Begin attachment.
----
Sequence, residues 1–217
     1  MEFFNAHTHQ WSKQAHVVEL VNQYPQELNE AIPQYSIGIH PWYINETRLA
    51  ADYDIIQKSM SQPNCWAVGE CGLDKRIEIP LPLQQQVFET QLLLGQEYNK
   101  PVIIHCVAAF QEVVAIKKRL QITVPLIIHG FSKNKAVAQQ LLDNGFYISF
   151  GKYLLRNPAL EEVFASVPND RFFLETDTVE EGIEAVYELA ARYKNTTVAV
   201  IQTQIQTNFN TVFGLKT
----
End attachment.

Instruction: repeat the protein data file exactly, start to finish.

Sequence, residues 1–217
     1  MEFFNAHTHQ WSKQAHVVEL VNQYPQELNE AIPQYSIGIH PWYINETRLA
    51  ADYDIIQKSM SQPNCWAVGE CGLDKRIEIP LPLQQQVFET QLLLGQEYNK
   101  PVIIHCVAAF QEVVAIKKRL QITVPLIIHG FSKNKAVAQQ LLDNGFYISF
   151  GKYLLRNPAL EEVFASVPND RFFLETDTVE EGIEAVYELA ARYKNTTVAV
   201  IQTQIQTNFN TVFGLKT